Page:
Which Index Option Should I Choose in My Insurance Policy?

The IUL Investment Allocation Decision

Indexed Universal Life policies account for more than a quarter of all life insurance sales in the United States. They are often used in conjunction with executive benefit programs like split dollar and deferred compensation.

The downside protection offered by the minimum guaranteed interest rate is a key reason this policy structure is used in Loan Regime Split Dollar arrangements like those used by nonprofit organizations. The premiums paid by the organization are treated as loans to the executive that are repaid at death. Having an interest credit that is guaranteed to be 0% or greater but with upside potential based on the S&P 500 can be very attractive.

How carefully have company sponsors and plan participants considered the investment choices available in each policy?  The beauty of IUL is the downside protection it offers, with crediting rates that are in part determined by changes in the S&P 500 index (excluding dividends) but protect against losses by guaranteeing a minimum crediting rate of 0% or 1%, in exchange for a cap on the crediting rate.

Most IUL policies have several indexes to choose from, each with a unique combination of Floors, Caps, Participation Rates and Enhancements. It can be a challenge to choose between them, and many people simply choose the default Classic index.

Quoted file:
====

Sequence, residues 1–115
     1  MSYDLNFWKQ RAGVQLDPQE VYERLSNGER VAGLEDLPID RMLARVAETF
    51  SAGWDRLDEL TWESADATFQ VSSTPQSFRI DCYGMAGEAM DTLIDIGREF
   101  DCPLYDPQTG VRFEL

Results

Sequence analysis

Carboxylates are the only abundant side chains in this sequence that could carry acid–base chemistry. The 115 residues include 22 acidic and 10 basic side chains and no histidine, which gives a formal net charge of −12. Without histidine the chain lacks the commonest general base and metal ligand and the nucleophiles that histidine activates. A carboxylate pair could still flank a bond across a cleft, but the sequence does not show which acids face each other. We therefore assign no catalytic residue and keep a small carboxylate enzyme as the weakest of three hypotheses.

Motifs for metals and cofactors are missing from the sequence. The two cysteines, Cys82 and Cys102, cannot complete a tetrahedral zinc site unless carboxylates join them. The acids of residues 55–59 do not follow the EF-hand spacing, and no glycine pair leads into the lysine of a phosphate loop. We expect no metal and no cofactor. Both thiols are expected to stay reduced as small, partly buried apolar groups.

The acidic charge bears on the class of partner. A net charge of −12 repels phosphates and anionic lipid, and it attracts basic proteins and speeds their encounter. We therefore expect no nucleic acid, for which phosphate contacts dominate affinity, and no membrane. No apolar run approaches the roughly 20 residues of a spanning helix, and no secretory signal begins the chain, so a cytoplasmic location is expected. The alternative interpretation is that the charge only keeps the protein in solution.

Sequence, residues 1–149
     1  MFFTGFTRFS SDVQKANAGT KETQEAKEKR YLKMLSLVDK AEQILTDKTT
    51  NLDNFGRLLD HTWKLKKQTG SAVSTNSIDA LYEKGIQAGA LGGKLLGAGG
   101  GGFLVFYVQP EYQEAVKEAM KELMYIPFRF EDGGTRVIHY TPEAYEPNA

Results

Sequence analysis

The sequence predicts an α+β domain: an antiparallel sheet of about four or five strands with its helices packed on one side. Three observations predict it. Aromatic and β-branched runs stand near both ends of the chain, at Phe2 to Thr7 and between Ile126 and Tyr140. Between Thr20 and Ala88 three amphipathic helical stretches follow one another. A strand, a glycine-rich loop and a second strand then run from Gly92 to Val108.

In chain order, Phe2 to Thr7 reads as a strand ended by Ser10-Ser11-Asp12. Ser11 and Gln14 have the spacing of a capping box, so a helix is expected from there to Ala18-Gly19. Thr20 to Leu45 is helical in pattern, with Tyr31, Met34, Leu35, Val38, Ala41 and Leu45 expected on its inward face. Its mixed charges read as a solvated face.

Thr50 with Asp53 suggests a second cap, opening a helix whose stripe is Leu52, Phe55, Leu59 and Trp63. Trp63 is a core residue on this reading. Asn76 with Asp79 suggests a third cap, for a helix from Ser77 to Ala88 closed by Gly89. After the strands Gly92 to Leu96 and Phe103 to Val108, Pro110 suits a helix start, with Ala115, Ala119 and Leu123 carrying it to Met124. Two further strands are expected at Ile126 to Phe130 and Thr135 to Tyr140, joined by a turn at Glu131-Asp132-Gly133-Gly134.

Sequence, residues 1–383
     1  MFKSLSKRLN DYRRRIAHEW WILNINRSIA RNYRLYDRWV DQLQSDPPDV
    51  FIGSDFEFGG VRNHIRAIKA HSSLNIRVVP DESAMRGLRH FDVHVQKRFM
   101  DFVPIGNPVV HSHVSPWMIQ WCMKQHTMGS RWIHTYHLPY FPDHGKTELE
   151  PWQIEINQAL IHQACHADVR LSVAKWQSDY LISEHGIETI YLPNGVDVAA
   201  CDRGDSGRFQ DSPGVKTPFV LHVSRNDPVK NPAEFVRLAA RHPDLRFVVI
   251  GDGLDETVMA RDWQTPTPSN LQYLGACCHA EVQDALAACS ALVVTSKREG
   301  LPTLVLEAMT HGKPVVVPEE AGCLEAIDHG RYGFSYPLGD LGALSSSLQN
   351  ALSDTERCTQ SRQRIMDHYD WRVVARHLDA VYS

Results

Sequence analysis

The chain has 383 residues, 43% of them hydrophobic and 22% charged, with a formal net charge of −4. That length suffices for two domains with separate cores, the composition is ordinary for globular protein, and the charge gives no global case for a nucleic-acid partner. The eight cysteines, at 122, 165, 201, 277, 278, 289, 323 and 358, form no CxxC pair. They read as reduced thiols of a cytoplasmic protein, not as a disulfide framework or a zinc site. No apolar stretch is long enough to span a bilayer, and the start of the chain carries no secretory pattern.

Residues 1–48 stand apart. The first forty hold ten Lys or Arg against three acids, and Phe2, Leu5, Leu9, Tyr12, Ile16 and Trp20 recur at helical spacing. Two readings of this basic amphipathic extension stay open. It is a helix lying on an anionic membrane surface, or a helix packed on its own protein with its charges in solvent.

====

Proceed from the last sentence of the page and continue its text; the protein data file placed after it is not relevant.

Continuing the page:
But in fact, each of the indexes will perform differently in different types of markets – losing markets, low return markets, average markets and high return markets.

EBS has developed a methodology for comparing the index options available in an IUL policy and identifying which ones perform best in different markets. The result is a helpful decision-making tool for policy owners.

You can access this tool in our white paper, The IUL Investment Allocation Decision: Which Index Option Should I Choose in My Insurance Policy?

We discuss what it all means with a reminder that IUL allocation choices aren’t a one-time decision. You can not only change your investment option every 12-months, but you can also use more than one Index to create some diversification of risk.

For companies and participants that own Indexed Universal Life (IUL) policies, how do you decide which index option to use?  Download our white paper to read about EBS’ IUL allocation methodology tool.